Spelt has a tougher husk, which helps protect the nutrients inside the grain. Flour made from spelt has a nutty and slightly sweet flavour and the flour can be used in most recipes that contain regular or whole-wheat flour. Spelt has nutritional benefits similar to other whole-grain flours. Spelt is an excellent source of fiber and micronutrients such as calcium and vitamin E.
You can use spelt flour to make crackers, cookies, pasta, and other snacks and foods.
Important Spelt Flour Nutrition Facts
These facts are based on 1/4 cup (30 grams) raw spelt flour and the source of the information is from USDA.
- Calories: 110
- Fat: 0.5g
- Sodium: 0mg
- Carbohydrates: 22g
- Fiber: 4g
- Sugars: 0g
- Protein: 5g
A majority of calories in spelt flour is from carbohydrates (about 22 grams in 1/4 cup of flour). The carbohydrate in spelt flour comes in the form of fiber (4 grams) and starch. There are no naturally occurring or added sugars in spelt flour.
The glycemic index of spelt flour is estimated to be 55 to 67, according to The Diabetes Council, which means spelt flour has a moderate effect on blood sugar levels. It has a slightly lower glycemic index compared to whole wheat, buckwheat, corn, and millet flours. Bread made with spelt flour has a similar glycemic index to bread made with white flour.
A single serving only has less than a gram of fat.
Spelt flour isn’t a high protein food, but a single serving does improve your protein intake slightly. 5 grams per 1/4 cup serving of flour or 3 grams in a slice of bread made from spelt flour.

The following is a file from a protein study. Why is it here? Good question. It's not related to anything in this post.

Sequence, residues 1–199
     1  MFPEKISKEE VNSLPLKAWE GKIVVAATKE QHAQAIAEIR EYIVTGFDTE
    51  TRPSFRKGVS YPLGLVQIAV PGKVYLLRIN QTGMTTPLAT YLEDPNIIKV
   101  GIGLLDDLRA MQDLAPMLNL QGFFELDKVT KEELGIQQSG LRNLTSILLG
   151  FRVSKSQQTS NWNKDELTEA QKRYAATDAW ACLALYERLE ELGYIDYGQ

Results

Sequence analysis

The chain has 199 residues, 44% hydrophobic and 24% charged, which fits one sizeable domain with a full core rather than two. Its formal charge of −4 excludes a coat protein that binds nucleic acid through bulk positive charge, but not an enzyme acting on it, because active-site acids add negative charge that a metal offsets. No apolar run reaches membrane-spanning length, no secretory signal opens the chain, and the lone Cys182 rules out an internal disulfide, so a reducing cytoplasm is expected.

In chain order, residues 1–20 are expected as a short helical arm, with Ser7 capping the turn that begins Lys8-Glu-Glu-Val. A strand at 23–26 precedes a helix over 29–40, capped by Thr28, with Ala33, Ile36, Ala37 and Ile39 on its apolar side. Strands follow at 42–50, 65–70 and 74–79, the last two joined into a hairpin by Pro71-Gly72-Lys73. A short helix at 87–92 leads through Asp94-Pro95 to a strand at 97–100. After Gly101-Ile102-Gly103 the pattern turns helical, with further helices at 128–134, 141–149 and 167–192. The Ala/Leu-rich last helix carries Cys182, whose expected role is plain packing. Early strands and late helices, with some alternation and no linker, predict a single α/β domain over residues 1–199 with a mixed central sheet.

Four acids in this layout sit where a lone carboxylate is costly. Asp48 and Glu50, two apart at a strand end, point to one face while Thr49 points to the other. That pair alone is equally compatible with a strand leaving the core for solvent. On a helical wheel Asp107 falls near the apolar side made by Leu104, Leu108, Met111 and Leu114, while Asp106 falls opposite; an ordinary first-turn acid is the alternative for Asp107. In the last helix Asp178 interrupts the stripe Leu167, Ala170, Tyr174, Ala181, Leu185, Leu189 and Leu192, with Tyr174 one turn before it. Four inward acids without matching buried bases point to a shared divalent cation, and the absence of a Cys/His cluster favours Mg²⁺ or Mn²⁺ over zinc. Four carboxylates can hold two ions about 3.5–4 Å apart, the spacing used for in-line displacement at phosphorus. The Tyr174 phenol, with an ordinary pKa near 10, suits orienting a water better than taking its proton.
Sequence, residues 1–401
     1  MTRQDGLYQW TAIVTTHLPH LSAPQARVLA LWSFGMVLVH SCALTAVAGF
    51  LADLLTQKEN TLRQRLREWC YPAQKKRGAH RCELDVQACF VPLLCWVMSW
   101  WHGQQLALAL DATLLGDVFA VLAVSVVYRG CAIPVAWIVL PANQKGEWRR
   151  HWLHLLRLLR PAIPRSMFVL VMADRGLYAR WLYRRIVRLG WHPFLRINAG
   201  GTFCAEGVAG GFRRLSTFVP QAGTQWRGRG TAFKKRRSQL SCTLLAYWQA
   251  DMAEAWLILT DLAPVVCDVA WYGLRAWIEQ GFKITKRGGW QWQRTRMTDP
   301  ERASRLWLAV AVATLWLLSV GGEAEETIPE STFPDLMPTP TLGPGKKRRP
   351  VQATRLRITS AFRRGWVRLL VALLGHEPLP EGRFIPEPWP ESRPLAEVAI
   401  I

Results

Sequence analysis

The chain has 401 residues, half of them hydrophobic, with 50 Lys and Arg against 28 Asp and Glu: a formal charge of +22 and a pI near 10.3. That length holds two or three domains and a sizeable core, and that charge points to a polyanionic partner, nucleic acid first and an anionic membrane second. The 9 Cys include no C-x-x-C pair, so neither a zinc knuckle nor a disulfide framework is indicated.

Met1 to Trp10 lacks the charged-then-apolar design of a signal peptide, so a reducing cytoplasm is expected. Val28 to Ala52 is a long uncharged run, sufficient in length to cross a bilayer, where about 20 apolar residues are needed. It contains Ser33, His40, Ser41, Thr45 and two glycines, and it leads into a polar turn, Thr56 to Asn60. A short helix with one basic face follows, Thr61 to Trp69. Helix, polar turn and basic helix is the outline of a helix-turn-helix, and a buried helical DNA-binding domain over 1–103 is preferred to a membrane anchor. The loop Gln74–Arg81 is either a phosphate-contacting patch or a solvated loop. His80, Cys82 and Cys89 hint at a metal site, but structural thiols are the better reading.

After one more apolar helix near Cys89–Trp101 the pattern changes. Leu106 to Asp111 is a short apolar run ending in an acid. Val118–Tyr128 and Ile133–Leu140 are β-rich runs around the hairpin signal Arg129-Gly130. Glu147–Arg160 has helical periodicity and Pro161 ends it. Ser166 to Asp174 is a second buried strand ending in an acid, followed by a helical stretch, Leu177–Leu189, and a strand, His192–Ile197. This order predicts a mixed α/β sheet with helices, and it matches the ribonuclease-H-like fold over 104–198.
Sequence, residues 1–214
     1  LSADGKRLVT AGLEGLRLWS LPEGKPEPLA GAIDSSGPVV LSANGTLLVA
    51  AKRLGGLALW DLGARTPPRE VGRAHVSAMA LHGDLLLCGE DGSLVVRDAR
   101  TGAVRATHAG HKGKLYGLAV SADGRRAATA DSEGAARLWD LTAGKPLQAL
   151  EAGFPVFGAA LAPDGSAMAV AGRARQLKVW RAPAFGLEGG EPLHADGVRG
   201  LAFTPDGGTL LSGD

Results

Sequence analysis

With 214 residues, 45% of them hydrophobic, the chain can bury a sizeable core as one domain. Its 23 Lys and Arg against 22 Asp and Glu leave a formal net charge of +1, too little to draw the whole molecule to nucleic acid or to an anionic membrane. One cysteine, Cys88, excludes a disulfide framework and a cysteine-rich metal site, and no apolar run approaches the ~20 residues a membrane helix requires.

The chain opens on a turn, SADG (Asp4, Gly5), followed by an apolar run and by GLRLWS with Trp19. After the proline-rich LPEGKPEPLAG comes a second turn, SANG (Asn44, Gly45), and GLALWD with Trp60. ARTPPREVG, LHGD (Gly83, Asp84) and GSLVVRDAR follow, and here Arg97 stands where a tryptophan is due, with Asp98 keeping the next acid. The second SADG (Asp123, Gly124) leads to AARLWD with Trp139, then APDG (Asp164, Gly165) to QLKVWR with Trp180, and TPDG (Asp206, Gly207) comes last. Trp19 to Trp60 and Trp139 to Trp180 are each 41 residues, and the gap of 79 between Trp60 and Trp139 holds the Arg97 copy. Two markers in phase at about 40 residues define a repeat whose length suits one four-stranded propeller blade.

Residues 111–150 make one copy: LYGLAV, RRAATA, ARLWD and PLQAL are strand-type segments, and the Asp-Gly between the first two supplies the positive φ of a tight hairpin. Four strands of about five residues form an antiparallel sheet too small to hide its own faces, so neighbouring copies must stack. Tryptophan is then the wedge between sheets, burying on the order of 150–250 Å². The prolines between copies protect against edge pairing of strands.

Vitamins and Minerals
Spelt is an excellent source of calcium, magnesium, selenium, zinc, iron, and manganese. It has vitamin E and B-complex vitamins.
Eating spelt flour and spelt products is a great way to include whole grain fiber into your diet. Spelt grains and flour contain a little more protein than regular wheat, and there’s a little difference in the amounts of some of the minerals. They have about the same amount of fiber.
Fiber is essential for a healthy digestive system and consuming fiber-rich foods can slow down the absorption of sugars. The reason is that fiber can help you feel full longer so by consuming more fiber-rich foods, you’re more likely to consume fewer sugar-filled food products.
One study of thousands of American kids and adults found that those who consumed more whole grains also consumed more nutrients overall and had a healthier body weight.
Improves Gut Microbiome
The fiber and other compounds in whole grains can contribute to the health of the bacteria in the digestive system. This consumption helps reduce inflammation in the body and contributes to digestive health as well as weight loss and management.
Regulates Blood Sugar
Research has shown that people who eat whole grains rather than refined grains have a lower risk of diabetes.
Decreases Risk of Heart Attack
A diet rich in whole grains has been linked to better cardiovascular health. A Danish study published in 2016 discovered that people who ate more whole grains had a lower risk of heart attacks. The study encompassed more than 50,000 adults ages 50 to 64. Another earlier meta-analysis also indicated that higher whole grain consumption leads to lower risk of heart disease.
Storage and Food Safety
Keep spelt flour in an airtight container in a cool, dark place for maximum shelf life. It will keep one to three months at room temperature, or a little longer in the refrigerator. You can also freeze your flour; it will last for up to six months when frozen. If your spelt flour smells rancid, toss it.